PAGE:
- G. I. Stegeman and M. Segev, �??Optical Solitons and Their Interactions: Universality and Diversity,�?? Sci. 286, 1518-1523 (1999). [CrossRef]
- A. D. Boardman and K. Xie, �??Theory of spatial solitons,�?? Radio Science 28, 891-899 (1993). [CrossRef]
- Y. N. Karamzin and A. P. Sukhorukov, "Mutual focusing of high-power light beams in media with quadratic nonlinearity," Sov. Phys.-JETP 41, 414-416 (1976).
- K. Hayata and M. Koshiba, "Multidimensional solitons in quadratic nonlinear media," Phys. Rev. Lett. 71, 3275-3278 (1993). [CrossRef] [PubMed]
- A. V. Buryak and Y. S. Kivshar, "Spatial optical solitons governed by quadratic nonlinearity," Opt. Lett. 19, 1612-1614 (1994). [CrossRef] [PubMed]
- C.R. Menyuk, R. Schiek, and L. Torner, "Solitary waves due to �?(2) :�?(2) cascading," J. Opt. Soc. Am. B 11, 2434-2443 (1994). [CrossRef]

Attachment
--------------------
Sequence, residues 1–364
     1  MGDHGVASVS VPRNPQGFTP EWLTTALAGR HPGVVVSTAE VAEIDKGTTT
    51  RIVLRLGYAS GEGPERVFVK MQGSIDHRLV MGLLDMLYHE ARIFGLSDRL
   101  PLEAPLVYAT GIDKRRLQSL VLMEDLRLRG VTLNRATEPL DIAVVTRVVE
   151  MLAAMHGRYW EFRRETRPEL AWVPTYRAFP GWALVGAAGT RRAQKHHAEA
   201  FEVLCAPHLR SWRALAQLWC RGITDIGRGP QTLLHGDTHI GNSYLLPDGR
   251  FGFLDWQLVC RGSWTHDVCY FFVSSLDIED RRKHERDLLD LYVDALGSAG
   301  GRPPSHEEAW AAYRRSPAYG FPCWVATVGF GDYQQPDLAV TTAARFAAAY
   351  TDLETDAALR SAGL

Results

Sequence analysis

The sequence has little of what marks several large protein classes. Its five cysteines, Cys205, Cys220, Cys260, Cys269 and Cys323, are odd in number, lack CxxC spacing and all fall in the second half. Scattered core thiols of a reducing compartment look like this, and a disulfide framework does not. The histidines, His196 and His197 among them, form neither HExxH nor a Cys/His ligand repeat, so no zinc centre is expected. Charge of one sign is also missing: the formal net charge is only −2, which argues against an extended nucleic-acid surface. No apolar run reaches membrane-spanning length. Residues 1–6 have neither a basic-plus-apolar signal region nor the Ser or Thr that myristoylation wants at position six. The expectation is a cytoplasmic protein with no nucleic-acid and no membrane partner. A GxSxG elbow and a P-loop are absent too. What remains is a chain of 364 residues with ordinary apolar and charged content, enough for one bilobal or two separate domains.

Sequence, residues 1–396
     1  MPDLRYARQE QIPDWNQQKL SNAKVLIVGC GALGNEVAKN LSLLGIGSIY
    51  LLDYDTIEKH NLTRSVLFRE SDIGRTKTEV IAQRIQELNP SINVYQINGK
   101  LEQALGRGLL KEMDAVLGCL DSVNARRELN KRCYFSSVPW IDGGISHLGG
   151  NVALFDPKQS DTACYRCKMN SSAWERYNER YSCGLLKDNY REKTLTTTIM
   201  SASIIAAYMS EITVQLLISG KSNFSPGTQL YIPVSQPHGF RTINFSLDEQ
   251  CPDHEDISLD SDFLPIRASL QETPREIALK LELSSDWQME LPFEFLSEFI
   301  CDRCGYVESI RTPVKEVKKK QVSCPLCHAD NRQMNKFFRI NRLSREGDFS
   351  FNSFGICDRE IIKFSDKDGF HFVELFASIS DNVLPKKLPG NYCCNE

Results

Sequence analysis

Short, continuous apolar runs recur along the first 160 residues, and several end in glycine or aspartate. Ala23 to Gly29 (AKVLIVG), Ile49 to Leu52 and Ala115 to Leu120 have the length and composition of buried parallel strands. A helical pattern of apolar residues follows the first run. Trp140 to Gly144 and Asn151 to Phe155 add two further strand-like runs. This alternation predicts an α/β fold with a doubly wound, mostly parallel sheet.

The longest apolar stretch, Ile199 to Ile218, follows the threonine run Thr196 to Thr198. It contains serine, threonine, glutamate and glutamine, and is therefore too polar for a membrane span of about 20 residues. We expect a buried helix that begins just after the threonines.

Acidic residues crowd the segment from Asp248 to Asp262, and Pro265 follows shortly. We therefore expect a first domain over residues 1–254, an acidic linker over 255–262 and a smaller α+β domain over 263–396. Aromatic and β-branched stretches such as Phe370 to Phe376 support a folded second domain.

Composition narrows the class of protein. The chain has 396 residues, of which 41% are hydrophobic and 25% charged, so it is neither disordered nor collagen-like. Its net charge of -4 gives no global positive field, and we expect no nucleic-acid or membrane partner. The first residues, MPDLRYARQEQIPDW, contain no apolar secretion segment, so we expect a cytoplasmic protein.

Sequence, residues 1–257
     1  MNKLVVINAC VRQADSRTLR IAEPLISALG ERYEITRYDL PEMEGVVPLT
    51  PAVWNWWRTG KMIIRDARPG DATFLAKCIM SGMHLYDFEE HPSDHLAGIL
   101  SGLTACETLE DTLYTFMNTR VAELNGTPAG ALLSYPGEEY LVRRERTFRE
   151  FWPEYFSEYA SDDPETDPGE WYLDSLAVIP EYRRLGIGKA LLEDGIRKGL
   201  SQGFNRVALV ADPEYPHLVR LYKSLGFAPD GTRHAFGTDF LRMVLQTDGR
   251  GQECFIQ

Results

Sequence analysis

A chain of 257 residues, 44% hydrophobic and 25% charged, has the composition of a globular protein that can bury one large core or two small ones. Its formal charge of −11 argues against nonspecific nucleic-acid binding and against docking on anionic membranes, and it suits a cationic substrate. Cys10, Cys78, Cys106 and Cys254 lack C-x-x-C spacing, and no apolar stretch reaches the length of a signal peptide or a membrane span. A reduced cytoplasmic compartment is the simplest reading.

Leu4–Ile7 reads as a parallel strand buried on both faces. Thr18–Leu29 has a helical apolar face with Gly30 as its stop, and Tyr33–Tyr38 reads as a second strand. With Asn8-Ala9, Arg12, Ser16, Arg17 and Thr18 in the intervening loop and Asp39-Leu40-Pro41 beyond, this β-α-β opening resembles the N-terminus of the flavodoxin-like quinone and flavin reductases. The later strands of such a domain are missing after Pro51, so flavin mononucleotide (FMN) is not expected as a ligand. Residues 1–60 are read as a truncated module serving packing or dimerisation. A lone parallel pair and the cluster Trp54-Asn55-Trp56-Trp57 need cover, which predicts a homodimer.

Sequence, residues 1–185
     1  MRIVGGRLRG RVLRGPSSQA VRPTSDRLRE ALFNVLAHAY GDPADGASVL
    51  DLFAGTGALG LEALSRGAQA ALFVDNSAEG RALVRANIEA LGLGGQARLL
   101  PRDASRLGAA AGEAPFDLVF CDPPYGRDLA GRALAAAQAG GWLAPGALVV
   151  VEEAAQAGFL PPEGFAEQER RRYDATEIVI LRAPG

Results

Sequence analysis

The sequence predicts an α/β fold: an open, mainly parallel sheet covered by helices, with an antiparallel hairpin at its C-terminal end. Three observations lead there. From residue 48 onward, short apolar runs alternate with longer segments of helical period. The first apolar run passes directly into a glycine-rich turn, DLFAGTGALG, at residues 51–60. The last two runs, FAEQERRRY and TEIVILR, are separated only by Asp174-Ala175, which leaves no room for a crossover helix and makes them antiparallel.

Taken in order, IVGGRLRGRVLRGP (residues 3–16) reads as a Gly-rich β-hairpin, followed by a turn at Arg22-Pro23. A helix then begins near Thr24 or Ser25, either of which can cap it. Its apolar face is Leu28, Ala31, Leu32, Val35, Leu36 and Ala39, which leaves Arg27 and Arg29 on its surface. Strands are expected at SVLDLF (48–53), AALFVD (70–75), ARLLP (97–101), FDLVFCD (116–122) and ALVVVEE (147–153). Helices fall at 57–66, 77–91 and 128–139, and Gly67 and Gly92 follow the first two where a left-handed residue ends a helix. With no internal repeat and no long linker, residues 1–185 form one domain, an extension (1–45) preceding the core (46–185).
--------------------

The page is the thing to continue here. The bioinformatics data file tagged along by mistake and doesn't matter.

- A. V. Buryak, Y. S. Kivshar, and V. V. Steblina, "Self-trapping of light beams and parametric solitons in diffractive quadratic media," Phys. Rev. A 52, 1670-1674 (1995). [CrossRef] [PubMed]
- G. I. Stegeman, M. Sheik-Bahae, E. VanStryland, and G. Assanto, "Large nonlinear phase shifts in second-order nonlinear optical processes," Opt. Lett. 18, 13-15 (1993). [CrossRef] [PubMed]
- G. Leo, G. Assanto, andW. E. Torruellas, "Bidimensional spatial solitary waves in quadratically nonlinear bulk media," J. Opt. Soc. Am. B 14, 3134-3142 (1997). [CrossRef]
- G. Assanto, "Diffraction with Second-Harmonic Generation for the formation of self-guided or 'solitary' waves," in Diffractive optics and Optical Microsystems, A. N. Chester and S. Martellucci eds., 65-74 (Plenum Press, New York, 1997).
- M. J. Werner and P. D. Drummond, �??Simulton solutions for the parametric amplifier,�?? J. Opt. Soc. Am. B 10, 2390-2393 (1993). [CrossRef]